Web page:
whois queries) to earn further money since.
In fact, said author has done more. He seems to have a slight hatred of the new magazine Yassin writes for and had alreadly put up an 'investigative clarification' of the original article on his personal site. Apparently he can't even read Arabic – so he doesn't really know what he is doing. In addition the link he uses appeared half a day earlier on a website that – judging from the comments there – is read by people from 'his community'. So from what I have seen his whole contribution to all those articles may have been a hatred of his colleagues to begin with, using information that other people have collected on a topic that he knows very little about and a few
whois queries perhaps.
All this is – at least – bad style: First infer that someone else made a mistake – just because you can't see what he did. Then, don't simply ask him but rather write about it. Conveniently this seems to make it the other one's turn to 'prove his innocence'. When he is stupid enough to do that, take the information you got that way and weren't able to acquire by yourself and run.
This phenomenon of bad style seems to be widespread in the world of online writing (I dare not call it 'journalism' – if only for the troubles it'd imply for the writers). People can write whatever they want without being accountable. They can claim wrong things and it will be extremely hard to get them to apologise or correct what they have done. And even if they do, they may cover up their former stupidity in the process.
Online media are where conspiracies flourish and you can trust no one.
And even if they do, they may cover up their former stupidity in the process.
Which is why, in some sense, the HTML diff feature on NetNewsWire is amazing to behold — although I don’t know any news-sites which publish full RSS feeds. The summaries of the Yahoo sites, for example, undergo a lot of editing. I don’t think this is error correction, it just gives an idea of the possibilities.
The lack of links thing is also interesting from another viewpoint. The recent Berg execution video was released online, but, the link to the main site which published the video was absent from many news sites and has only come to light recently, as far as I can tell.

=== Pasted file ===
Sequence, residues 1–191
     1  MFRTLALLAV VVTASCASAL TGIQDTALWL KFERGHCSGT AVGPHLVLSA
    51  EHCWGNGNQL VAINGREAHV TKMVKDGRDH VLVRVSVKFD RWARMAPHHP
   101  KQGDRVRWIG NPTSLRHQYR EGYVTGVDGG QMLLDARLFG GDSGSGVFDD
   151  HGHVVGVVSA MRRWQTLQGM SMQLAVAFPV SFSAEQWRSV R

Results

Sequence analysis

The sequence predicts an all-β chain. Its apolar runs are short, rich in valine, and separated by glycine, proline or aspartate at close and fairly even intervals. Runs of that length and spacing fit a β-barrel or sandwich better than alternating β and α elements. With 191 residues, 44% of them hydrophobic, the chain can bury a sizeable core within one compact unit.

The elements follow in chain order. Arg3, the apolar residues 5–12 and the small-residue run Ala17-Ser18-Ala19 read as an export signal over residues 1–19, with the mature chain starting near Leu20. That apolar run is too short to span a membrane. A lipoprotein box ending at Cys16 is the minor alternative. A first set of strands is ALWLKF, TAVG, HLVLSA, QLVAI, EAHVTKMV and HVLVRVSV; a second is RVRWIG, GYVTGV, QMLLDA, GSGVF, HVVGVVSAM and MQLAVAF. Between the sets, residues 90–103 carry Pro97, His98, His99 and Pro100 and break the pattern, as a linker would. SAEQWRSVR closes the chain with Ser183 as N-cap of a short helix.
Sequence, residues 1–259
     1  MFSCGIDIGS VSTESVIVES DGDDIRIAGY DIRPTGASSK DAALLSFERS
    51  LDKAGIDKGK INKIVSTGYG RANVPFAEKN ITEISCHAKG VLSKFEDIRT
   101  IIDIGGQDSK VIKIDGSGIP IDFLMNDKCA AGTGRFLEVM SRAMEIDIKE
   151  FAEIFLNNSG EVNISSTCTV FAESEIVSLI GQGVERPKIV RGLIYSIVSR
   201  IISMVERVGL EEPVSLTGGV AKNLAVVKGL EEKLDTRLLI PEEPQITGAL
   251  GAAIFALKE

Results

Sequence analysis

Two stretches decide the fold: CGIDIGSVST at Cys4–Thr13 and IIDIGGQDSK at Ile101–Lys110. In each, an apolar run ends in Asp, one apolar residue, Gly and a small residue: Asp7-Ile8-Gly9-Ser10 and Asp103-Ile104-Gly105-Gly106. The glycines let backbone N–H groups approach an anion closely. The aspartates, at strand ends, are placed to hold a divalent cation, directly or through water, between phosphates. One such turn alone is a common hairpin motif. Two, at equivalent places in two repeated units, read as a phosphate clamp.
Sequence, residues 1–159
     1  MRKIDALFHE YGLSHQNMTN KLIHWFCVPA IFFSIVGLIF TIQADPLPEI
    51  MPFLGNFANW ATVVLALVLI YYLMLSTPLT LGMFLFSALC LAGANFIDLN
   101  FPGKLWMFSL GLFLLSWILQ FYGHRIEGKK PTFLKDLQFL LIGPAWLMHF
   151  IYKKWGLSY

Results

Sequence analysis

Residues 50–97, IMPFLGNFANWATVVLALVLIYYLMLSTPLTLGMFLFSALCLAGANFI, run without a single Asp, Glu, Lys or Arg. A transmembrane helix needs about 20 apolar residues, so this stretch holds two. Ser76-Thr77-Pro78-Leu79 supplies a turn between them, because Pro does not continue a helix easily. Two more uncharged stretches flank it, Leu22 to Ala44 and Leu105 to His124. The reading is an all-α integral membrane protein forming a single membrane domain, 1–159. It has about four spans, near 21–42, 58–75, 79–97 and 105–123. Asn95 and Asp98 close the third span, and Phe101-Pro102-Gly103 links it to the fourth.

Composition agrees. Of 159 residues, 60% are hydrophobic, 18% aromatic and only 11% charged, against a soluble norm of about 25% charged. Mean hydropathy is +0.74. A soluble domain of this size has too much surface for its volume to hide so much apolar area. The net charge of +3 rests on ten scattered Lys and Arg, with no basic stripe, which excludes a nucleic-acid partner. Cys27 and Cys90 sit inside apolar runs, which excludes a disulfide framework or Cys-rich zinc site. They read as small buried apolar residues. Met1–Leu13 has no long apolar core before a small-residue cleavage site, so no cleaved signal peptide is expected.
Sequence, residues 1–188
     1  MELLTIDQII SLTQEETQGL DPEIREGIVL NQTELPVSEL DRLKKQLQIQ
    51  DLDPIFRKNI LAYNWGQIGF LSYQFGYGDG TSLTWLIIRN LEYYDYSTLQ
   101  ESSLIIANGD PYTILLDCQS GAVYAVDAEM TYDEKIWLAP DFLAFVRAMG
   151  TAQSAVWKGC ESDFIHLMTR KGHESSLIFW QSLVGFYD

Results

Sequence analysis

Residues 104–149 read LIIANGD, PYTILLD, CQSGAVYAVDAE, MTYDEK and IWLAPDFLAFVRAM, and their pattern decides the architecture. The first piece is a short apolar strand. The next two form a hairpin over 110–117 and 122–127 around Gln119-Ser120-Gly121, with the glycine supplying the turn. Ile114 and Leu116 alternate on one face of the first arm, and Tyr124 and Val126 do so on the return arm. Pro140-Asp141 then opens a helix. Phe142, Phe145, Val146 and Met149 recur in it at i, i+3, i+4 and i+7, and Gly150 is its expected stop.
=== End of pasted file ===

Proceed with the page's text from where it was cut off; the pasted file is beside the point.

Could you suggest a decent online translation service, I’d like to read the articles and I was wondering if you have any recommendations.
The HTML Diff feature is great. With storage capabilities these days and a bit of cleverness, I guess it might even be feasible to let web browsers have persistent caches - letting you view the history of everything you looked at, including revisions of the pages. That would be very handy if you are researching stuff as most sites don’t mark changes or keep older versions available.
In the decapitation case, I must say that not posting the link may be the responsible thing to do. If people really want to see it, they’ll most likely find it. Seeing these kinds of things shouldn’t be too easy. Since having fast internet access, I have a tendency to just click things ‘because I can’. I might have done so in the case of that video - but I am not sure I’d really want to see it or be able to stomach it.
If news sites posted that link - at least in some countries it would be easier / more legal for kids to see a decapitation than to see a breast, say. That’s so wrong I don’t even know where to start.
An afterthought -kinda offtopic- regarding revisions and HTML diffs: I’ve come across an MT plugin, MT-Revision. It requires some extra Perl modules, looks pretty good IMO and I’ve seen it in action over at Ringnalda’s weblog.
Received data seems to be invalid. The wanted file does probably not exist or the guys at last.fm changed something.